Articles | Volume 17, issue 2
https://doi.org/10.5194/tc-17-499-2023
https://doi.org/10.5194/tc-17-499-2023
Research article
 | 
07 Feb 2023
Research article |  | 07 Feb 2023

Predicting ocean-induced ice-shelf melt rates using deep learning

Sebastian H. R. Rosier, Christopher Y. S. Bull, Wai L. Woo, and G. Hilmar Gudmundsson

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Cited articles

Asay-Davis, X. S., Cornford, S. L., Durand, G., Galton-Fenzi, B. K., Gladstone, R. M., Gudmundsson, G. H., Hattermann, T., Holland, D. M., Holland, D., Holland, P. R., Martin, D. F., Mathiot, P., Pattyn, F., and Seroussi, H.: Experimental design for three interrelated marine ice sheet and ocean model intercomparison projects: MISMIP v. 3 (MISMIP +), ISOMIP v. 2 (ISOMIP +) and MISOMIP v. 1 (MISOMIP1), Geosci. Model Dev., 9, 2471–2497, https://doi.org/10.5194/gmd-9-2471-2016, 2016. a, b
Barnier, B., Madec, G., Penduff, T., Molines, J., Treguier, A.-M., Le Sommer, J., Beckmann, A., Biastoch, A., Boning, C., Dengg, J., Derval, C., Durand, E., Gulev, S., Remy, E., Talandier, C., Theetten, S., Maltrud, M., McClean, J., and de Cuevas, B.: Impact of partial steps and momentum advection schemes in a global ocean circulation model at eddy-permitting resolution, Ocean Dynam., 56, 543–567, https://doi.org/10.1007/s10236-006-0082-1, 2006. a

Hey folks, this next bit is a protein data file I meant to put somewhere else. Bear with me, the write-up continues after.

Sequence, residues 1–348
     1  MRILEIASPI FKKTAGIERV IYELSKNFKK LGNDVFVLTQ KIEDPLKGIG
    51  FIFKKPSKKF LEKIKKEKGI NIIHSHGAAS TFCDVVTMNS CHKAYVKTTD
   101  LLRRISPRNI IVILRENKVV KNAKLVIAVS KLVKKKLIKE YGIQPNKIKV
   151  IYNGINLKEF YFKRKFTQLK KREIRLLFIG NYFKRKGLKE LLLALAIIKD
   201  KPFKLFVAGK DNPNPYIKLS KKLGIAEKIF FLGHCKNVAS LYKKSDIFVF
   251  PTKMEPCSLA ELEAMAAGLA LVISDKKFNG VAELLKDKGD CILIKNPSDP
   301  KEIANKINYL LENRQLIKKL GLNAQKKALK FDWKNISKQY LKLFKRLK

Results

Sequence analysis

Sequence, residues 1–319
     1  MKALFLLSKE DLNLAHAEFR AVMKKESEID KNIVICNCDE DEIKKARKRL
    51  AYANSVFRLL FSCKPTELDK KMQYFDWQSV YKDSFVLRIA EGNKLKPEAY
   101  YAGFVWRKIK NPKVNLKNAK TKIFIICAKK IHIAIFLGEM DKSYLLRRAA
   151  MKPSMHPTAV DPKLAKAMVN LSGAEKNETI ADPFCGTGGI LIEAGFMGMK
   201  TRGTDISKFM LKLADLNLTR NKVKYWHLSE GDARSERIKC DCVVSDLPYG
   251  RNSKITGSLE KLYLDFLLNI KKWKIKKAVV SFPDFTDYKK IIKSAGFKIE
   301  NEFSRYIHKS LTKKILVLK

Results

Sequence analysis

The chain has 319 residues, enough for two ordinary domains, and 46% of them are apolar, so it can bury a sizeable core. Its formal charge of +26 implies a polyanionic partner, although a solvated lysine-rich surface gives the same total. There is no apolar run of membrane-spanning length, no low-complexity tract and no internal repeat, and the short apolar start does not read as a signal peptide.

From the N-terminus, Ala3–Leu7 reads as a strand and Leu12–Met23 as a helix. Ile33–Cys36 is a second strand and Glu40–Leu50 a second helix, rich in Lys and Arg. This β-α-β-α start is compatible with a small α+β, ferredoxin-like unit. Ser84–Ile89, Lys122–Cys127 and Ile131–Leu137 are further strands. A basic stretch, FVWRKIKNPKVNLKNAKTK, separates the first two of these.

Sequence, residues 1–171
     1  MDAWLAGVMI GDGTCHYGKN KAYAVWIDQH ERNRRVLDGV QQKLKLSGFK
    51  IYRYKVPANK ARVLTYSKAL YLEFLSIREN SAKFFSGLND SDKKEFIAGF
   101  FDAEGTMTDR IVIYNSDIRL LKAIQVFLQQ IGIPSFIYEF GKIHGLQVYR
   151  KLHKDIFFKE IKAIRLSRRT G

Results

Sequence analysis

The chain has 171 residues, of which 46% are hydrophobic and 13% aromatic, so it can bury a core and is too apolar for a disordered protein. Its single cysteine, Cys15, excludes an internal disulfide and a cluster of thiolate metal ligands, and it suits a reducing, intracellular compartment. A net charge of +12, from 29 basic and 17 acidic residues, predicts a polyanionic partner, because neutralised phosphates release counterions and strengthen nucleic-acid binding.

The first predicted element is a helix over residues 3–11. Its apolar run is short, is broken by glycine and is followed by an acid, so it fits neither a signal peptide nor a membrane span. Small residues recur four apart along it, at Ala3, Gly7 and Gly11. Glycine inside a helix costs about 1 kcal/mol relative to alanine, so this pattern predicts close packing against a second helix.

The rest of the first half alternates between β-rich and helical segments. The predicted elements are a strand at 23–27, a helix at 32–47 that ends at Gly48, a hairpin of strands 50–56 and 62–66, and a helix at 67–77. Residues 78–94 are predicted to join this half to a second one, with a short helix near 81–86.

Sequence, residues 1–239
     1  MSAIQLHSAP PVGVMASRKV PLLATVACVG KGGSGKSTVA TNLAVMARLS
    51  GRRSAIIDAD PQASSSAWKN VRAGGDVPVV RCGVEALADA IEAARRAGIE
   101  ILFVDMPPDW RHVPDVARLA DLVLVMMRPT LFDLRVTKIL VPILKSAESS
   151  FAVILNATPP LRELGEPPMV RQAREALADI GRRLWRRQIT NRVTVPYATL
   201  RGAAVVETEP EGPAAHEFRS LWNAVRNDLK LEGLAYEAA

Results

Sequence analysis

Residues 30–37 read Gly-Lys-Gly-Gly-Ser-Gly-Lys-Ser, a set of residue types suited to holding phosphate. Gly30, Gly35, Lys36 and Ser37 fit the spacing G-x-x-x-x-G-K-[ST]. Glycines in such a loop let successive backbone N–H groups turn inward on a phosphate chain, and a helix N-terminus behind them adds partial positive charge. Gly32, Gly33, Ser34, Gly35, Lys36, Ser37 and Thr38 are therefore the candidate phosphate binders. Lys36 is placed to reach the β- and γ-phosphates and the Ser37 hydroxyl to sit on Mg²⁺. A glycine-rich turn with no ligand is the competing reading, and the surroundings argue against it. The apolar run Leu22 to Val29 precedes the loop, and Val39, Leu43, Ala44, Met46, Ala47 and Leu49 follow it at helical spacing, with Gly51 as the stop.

Beucler, T., Pritchard, M., Rasp, S., Ott, J., Baldi, P., and Gentine, P.: Enforcing Analytic Constraints in Neural Networks Emulating Physical Systems, Phys. Rev. Lett., 126, 098302, https://doi.org/10.1103/PhysRevLett.126.098302, 2021. a
Boyer, T. P., García, H. E., Locarnini, R. A., Zweng, M. M., Mishonov, A. V., Reagan, J. R., Weathers, K. A., Baranova, O. K., Paver, C. R., Seidov, D., Smolyar, I. V.: World Ocean Atlas 2018, decav, NOAA National Centers for Environmental Information [data set], https://www.ncei.noaa.gov/archive/accession/NCEI-WOA18 (last access: 10 June 2021), 2018. a, b
Brenowitz, N. D. and Bretherton, C. S.: Prognostic Validation of a Neural Network Unified Physics Parameterization, Geophys. Res. Lett., 45, 6289–6298, https://doi.org/10.1029/2018GL078510, 2018. a
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Short summary
Future ice loss from Antarctica could raise sea levels by several metres, and key to this is the rate at which the ocean melts the ice sheet from below. Existing methods for modelling this process are either computationally expensive or very simplified. We present a new approach using machine learning to mimic the melt rates calculated by an ocean model but in a fraction of the time. This approach may provide a powerful alternative to existing methods, without compromising on accuracy or speed.